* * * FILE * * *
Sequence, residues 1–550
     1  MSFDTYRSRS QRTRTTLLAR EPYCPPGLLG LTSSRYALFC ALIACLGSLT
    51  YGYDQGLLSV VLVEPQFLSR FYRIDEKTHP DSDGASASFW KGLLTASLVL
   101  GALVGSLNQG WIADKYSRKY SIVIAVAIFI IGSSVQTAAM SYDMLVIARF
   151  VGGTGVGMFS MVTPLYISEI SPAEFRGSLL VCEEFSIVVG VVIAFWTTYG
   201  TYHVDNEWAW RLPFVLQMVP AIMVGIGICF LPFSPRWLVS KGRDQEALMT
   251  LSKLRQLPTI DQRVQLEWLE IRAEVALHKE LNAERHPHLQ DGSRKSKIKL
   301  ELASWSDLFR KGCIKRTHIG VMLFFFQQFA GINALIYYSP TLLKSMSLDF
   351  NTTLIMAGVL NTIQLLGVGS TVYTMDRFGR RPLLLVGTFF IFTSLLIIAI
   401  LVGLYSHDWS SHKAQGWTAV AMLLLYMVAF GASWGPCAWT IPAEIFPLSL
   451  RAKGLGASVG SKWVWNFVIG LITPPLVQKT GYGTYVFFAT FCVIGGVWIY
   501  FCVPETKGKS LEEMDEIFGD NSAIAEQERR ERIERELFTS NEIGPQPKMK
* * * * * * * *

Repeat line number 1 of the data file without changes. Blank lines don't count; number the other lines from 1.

Sequence, residues 1–550